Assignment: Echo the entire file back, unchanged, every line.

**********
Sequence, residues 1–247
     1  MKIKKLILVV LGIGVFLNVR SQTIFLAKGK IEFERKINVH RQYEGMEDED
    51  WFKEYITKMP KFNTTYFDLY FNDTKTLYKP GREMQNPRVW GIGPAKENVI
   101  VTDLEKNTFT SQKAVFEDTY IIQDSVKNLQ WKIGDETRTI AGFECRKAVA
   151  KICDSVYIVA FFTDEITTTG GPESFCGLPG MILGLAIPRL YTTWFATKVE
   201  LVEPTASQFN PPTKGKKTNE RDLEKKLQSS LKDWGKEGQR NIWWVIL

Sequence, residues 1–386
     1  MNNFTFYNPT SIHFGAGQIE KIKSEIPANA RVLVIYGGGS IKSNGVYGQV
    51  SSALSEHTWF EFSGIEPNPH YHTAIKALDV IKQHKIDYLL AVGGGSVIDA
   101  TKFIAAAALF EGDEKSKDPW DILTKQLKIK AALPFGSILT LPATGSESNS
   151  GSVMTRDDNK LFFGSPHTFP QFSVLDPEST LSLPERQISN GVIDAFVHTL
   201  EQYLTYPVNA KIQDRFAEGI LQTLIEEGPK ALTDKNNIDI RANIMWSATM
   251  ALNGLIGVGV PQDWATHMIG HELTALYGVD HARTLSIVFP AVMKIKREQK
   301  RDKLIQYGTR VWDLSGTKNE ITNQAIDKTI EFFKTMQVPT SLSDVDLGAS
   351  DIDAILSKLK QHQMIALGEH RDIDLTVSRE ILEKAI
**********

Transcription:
Sequence, residues 1–247
     1  MKIKKLILVV LGIGVFLNVR SQTIFLAKGK IEFERKINVH RQYEGMEDED
    51  WFKEYITKMP KFNTTYFDLY FNDTKTLYKP GREMQNPRVW GIGPAKENVI
   101  VTDLEKNTFT SQKAVFEDTY IIQDSVKNLQ WKIGDETRTI AGFECRKAVA
   151  KICDSVYIVA FFTDEITTTG GPESFCGLPG MILGLAIPRL YTTWFATKVE
   201  LVEPTASQFN PPTKGKKTNE RDLEKKLQSS LKDWGKEGQR NIWWVIL

Sequence, residues 1–386
     1  MNNFTFYNPT SIHFGAGQIE KIKSEIPANA RVLVIYGGGS IKSNGVYGQV
    51  SSALSEHTWF EFSGIEPNPH YHTAIKALDV IKQHKIDYLL AVGGGSVIDA
   101  TKFIAAAALF EGDEKSKDPW DILTKQLKIK AALPFGSILT LPATGSESNS
   151  GSVMTRDDNK LFFGSPHTFP QFSVLDPEST LSLPERQISN GVIDAFVHTL
   201  EQYLTYPVNA KIQDRFAEGI LQTLIEEGPK ALTDKNNIDI RANIMWSATM
   251  ALNGLIGVGV PQDWATHMIG HELTALYGVD HARTLSIVFP AVMKIKREQK
   301  RDKLIQYGTR VWDLSGTKNE ITNQAIDKTI EFFKTMQVPT SLSDVDLGAS
   351  DIDAILSKLK QHQMIALGEH RDIDLTVSRE ILEKAI